Wednesday, November 26th, 2014
Mostly True
Oliver
Says "New Jersey has the most educated population of all the states in this country."

Sheila Oliver on Monday, February 27th, 2012 in a speech at Rider University

Sheila Oliver claims New Jerseyans are the “most educated” in the nation

Assembly Speaker Sheila Oliver is tired of hearing people suggest that New Jersey has a problem of adequately educating its residents.

In fact, according to Oliver, New Jerseyans are the "most educated" in the nation.

The Essex County Democrat extolled the virtues of the Garden State during a Feb. 27 speech at the Rebovich Institute for New Jersey Politics at Rider University.

"New Jersey is a great place. We probably have the best strategic position on the East Coast. We have so many natural assets," Oliver told the audience. "And, I’m gonna get into the subject of education in a moment, but I want to tell you New Jersey has the most educated population of all the states in this country. And we need to stop this self-fulfilling efficacy that we’ve got a problem when it comes to adequately educating people in our state."

Oliver’s claim about us having the "most educated population of all the states" is not far off, PolitiFact New Jersey found.

In recent years, New Jersey has stood in fifth place among the states for the percentage of its residents, 25 years old and over, who have at least a bachelor’s degree, according to data from the U.S. Census Bureau.

First, let’s explain the source of Oliver’s statement.

To back up the claim, Oliver spokesman Tom Hester Jr. cited various education statistics, including a 2009 news article by U.S. News & World Report about, in part, New Jersey having the highest high school graduation rate in 2006.

He also cited a Huffington Post article that claimed the state ranked sixth for the percentage of adults between 25 and 34 years old with college degrees.

"New Jersey has the nation’s highest high school graduation rate and ranks at the very top in student achievement and college graduation rates," Hester said in an email. "Quite simply, the Speaker believes that when you combine it all together, NJ has the most educated population."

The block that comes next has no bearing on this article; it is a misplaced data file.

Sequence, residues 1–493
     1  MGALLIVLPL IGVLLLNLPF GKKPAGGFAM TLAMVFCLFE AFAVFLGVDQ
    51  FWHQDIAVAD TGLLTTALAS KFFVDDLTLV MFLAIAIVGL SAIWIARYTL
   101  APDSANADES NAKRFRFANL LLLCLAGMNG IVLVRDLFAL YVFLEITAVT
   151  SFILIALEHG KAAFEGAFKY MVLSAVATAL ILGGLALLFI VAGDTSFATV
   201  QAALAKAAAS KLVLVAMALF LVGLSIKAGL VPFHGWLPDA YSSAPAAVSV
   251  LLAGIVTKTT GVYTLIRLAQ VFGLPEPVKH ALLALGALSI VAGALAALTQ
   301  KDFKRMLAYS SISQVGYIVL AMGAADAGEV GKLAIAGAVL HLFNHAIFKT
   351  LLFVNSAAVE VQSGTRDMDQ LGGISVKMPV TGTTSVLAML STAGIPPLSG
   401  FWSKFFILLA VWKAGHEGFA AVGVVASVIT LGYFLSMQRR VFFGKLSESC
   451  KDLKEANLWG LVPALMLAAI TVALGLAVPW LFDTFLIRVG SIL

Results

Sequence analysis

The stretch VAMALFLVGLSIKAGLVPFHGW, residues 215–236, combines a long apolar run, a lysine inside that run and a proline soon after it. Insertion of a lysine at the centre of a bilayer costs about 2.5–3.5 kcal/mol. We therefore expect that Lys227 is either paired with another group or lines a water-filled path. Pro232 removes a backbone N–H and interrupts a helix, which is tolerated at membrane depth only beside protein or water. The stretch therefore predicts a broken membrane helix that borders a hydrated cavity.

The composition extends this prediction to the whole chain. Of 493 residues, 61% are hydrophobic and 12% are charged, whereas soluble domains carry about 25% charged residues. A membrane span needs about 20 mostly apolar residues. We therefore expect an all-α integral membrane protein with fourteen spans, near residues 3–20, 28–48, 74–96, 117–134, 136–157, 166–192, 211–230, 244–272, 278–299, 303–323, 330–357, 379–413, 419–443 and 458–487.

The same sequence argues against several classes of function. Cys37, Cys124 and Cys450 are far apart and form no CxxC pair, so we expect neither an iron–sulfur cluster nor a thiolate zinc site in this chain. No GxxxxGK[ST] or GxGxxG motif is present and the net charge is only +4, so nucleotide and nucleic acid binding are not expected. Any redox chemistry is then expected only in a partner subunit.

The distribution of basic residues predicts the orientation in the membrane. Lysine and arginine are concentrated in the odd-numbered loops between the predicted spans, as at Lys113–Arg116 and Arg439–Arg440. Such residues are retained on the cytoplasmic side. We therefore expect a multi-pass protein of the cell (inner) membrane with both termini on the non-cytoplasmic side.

But two experts told us the best measure to determine the "most educated" states is the educational attainment data compiled by the census bureau.

Through a spokesman, Thomas Snyder, director of Annual Reports for the National Center for Education Statistics at the U.S. Department of Education, said in an e-mail: "I believe the educational attainment data are the most relevant for this question."

David Bills, an associate professor at the University of Iowa’s College of Education, agreed that the educational attainment data is the "best available measure."

"I’d call it the best available measure, with the main problem being that many people complete their education after age 25, so this measure will underestimate how many people will eventually get degrees," Bills said in an e-mail. "Not everyone over age 25 has completed their schooling."

Now, let’s explain how many New Jersey residents have college degrees.

In 2009, 34.5 percent of New Jerseyans, 25 years old and over, had at least a bachelor’s degree, according to the census bureau. In 2010, 35.4 percent of state residents fit the same criteria, according to the census bureau.

In both years, New Jersey was in fifth place behind Massachusetts, Colorado, Maryland and Connecticut. Even after accounting for the margins of error attached to those statistics, New Jersey doesn’t place first.

So, New Jersey may not have the "most educated" population, but it certainly has one of them.

Our ruling

In a speech at Rider University, Oliver claimed "New Jersey has the most educated population of all the states in this country."

According to educational attainment data from the U.S. Census Bureau, her claim is pretty much on target. In 2009 and 2010, New Jersey ranked fifth for the percentage of its population, 25 years old and over, who have at least a bachelor’s degree.

We rate the statement Mostly True.

To comment on this ruling, go to NJ.com.